Chapter 5 Creating an electronic collection


Methods of collection building
Getting started in seven steps and 15 minutes

Three important aspects should be kept in mind when deciding to create digital collections. First, the collection must be organized. The more content there is, the greater the need for indexes and powerful search systems. For collections of 3000 to 5000 pages or more, indexes and search systems are essential. Second, the needs of end-users must prevail. The target groups that will use the collection should be identified, and a process of regular consultation set up. Third, the available budget will determine how much can be done.

5.1 Methods of collection building

There are many examples of excellent CD-ROMs that are created on the web-page model. HTML, PDF or Word documents are added and linked using hyperlinks. Navigation is made simple and attractive by the use of hyperlinks, frames, keywords, indexes and so on. Such systems work well up to a few thousand pages, but from 3000 to 5000 pages onwards it is important to have a well-structured collection and a powerful search facility. This is where the Greenstone software can help.

The Greenstone Digital Library software creates a structured digital library including a very powerful search and retrieval engine. Up to 150,000 pages can be indexed on a single CD-ROM. Every CD-ROM can become an Internet server. Greenstone is open-source software, and is freely available under the GNU license.

The companion manuals describe how to build Greenstone collections. There are essentially three different ways of building collections:

  • The librarian interface
  • The Collector
  • Building from the command line.

The first method is the “librarian” interface, described in the Greenstone Digital Library User's Guide(Chapter 3, “Making Greenstone Collections”). This is a comprehensive interactive facility for collection-building. With it, you can collect sets of documents, import or assign metadata, and build them into a Greenstone collection. The second method is the “Collector” subsystem, described in Chapter 4 of the User's Guide. This is an older facility that provides an alternative way of building collections of web pages or other documents. It guides you through a sequence of interactive web pages that request the information needed. However, it does not provide any way of adding metadata to the documents, and—because it is a web interface—it is not really suitable for collections that take more than a few minutes to build. The third method is to run the programs for collection-building directly from the command line; this is in the Greenstone Digital Library Developer's Guide(Chapter 1). This gives more flexibility in running programs individually and saving intermediate results, which may be desirable for collections that take many hours to build. You will also need to read Chapter 2 of the Developer's Guide in order to harness the full power of Greenstone to build advanced collections.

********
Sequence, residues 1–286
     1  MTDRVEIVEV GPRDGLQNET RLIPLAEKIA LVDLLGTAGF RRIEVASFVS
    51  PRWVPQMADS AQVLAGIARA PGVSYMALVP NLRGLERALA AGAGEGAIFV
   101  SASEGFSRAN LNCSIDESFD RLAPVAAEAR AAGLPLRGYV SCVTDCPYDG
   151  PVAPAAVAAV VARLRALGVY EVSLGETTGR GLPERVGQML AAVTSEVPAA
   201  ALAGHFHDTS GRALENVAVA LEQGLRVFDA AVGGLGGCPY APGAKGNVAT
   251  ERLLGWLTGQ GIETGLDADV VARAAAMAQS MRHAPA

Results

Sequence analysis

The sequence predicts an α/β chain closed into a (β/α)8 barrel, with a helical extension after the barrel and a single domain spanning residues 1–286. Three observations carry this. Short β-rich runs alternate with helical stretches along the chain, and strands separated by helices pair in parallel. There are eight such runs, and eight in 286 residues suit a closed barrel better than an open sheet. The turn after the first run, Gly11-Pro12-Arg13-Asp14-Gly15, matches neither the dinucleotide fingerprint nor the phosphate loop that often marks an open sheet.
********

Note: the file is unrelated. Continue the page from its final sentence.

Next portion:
There is a fourth method for creating and editing the material associated with a collection, a program called the Collection Organizer. However, its functionality has been superseded by the librarian interface mentioned above. It is described in a legacy document entitled Using the Organizer.

5.2 Getting started in seven steps and 15 minutes

The best way of getting the look and feel of the librarian interface is to actually create a small test library. If you have 15 minutes please follow these steps and you will understand this program much better.